Updated: April 15, 2022 9:05:50 am
What is to be done when the Indian republic, committed to working within the framework of constitutional democracy and the rule of law, starts to accommodate elements that are stridently anti-constitutional and anti-secular? What once belonged to the fringes of Indian society now has increasingly become mainstream, their disruptive actions being registered in the public sphere more frequently and viciously. Hate speech is at the root of many forms of violence that are being perpetrated and has become one of the biggest challenges to the rule of law and to our democratic conscience.
One of the most visible consequences of hate speech is increased electoral mobilisation along communal lines which is also paying some electoral dividends.
Hate speech must be unambiguously condemned and the law must take its course, although not merely because it can lead to events of violence in the future. Hate speech, in itself, must be understood and treated as a violent act and urgently so, for it has become an indispensable resource for the ruling powers. No wonder, during the elections, it becomes louder.
Several instances of hate speech and religious polarisation have been reported in Yogi Adityanath’s poll campaign in the recently concluded UP elections, for instance. In 2019, the Supreme Court reprimanded the Election Commission, calling it “toothless” for not taking action against candidates engaging in hate speech during the election campaigns in UP. The Commission responded by saying that it had limited powers to take action in this matter. So far, the Supreme Court does not appear to have acted decisively in response to allegations of hate speech in electoral campaigns, indicating that the EC must assume more responsibility and the EC has argued that in matters of hate speech, it is largely “powerless”. In any case, the EC’s role is confined to the election period. So who is responsible for the non-election times?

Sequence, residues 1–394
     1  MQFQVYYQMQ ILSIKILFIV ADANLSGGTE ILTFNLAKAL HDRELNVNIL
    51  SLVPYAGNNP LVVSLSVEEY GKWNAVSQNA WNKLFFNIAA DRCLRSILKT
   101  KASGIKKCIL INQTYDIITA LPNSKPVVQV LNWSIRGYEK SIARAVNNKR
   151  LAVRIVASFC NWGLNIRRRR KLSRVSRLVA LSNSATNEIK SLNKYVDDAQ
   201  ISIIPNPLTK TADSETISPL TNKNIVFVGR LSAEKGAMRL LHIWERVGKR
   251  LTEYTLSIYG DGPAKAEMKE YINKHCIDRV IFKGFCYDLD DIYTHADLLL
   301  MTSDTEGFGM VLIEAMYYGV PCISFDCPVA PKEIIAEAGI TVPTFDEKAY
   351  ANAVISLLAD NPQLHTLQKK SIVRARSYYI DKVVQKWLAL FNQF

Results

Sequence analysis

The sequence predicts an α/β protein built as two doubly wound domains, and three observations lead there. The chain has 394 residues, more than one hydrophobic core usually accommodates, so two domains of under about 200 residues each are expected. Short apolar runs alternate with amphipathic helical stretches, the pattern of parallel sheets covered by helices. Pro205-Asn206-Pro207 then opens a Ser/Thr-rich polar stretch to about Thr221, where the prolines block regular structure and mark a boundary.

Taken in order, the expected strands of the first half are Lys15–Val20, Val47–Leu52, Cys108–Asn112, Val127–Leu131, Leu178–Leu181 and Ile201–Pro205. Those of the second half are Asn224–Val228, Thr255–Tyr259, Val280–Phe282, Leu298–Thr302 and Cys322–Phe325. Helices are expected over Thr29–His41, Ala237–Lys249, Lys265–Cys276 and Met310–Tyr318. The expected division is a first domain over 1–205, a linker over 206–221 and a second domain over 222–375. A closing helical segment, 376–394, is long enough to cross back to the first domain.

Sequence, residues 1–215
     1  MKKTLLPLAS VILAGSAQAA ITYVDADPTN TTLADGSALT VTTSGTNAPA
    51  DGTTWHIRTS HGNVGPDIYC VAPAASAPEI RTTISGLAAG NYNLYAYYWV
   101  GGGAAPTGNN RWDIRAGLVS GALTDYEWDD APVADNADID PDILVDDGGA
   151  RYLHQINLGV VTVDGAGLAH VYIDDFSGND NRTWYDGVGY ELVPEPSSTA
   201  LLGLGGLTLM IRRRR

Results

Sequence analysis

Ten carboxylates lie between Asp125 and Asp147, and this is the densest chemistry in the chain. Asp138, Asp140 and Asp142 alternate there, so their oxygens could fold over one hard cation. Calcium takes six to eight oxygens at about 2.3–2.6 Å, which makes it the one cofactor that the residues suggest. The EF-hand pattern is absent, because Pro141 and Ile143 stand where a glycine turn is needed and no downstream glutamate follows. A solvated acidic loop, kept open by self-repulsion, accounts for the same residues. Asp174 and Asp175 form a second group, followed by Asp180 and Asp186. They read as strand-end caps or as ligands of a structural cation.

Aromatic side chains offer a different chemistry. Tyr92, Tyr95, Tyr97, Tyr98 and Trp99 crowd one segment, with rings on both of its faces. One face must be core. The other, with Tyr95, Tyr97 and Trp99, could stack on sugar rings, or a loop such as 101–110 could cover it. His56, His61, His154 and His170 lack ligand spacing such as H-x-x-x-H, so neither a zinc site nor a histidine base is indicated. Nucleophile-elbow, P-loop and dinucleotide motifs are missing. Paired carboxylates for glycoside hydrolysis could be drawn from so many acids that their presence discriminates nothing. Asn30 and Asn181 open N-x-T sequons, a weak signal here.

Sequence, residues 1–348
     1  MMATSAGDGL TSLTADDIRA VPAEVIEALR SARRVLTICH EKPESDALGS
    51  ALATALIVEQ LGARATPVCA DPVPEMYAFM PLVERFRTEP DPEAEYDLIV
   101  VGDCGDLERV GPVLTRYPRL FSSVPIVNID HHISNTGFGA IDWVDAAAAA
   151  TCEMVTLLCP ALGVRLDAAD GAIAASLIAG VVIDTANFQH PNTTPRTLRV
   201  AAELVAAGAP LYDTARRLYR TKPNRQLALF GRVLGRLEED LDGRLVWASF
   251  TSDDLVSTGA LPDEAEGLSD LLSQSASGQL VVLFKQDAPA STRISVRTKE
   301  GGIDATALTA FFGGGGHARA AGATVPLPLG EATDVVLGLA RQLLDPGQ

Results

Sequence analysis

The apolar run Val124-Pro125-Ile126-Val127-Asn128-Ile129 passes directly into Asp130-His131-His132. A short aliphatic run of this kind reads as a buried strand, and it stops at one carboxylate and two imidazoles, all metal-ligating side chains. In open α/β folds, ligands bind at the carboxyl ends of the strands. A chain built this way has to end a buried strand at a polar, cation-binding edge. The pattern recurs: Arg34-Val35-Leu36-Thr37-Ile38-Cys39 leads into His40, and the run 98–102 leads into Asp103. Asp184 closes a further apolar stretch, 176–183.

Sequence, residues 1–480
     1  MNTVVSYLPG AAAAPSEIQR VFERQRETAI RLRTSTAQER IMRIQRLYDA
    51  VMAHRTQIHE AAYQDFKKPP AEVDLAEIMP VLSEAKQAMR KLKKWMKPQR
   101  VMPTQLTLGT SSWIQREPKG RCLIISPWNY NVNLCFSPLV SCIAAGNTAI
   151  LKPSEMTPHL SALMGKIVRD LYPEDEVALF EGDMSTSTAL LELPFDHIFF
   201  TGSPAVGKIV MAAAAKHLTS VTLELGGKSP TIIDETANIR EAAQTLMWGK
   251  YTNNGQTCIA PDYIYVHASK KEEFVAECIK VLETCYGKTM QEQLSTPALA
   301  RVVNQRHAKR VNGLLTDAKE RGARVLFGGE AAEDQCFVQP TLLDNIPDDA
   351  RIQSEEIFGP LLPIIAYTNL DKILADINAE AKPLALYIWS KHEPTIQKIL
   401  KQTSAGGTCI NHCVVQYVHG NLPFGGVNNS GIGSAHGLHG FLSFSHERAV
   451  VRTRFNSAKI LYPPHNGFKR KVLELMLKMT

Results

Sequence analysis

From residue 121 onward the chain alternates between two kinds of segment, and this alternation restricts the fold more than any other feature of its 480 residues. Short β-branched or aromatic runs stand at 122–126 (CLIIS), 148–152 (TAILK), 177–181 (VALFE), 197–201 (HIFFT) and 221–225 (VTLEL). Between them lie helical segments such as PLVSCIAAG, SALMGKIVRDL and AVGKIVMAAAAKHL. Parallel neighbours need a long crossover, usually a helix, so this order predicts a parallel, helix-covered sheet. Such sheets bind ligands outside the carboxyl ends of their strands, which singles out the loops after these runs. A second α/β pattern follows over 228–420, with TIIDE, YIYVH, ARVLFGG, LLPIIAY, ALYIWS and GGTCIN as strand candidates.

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Is the state powerless? Not at all. There are a whole bunch of laws meant to curb hate speech. The Indian Penal Code, as per Sections 153A, 295A and 298, criminalises the promotion of enmity between different groups of people on grounds of religion and language, alongside acts that are prejudicial to maintaining communal harmony. Section 125 of the Representation of People Act deems that any person, in connection with the election, promoting feelings of enmity and hatred on grounds of religion and caste is punishable with imprisonment up to three years and fine or both. Section 505 criminalises multiple kinds of speech, including statements made with the intention of inducing, or which are likely to induce, fear or alarm to the public, instigating them towards public disorder; statements made with the intention of inciting, or which are likely to incite, class or community violence; and discriminatory statements that have the effect or the intention of promoting inter-community hatred. It covers incitement of violence against the state or another community, as well as promotion of class hatred.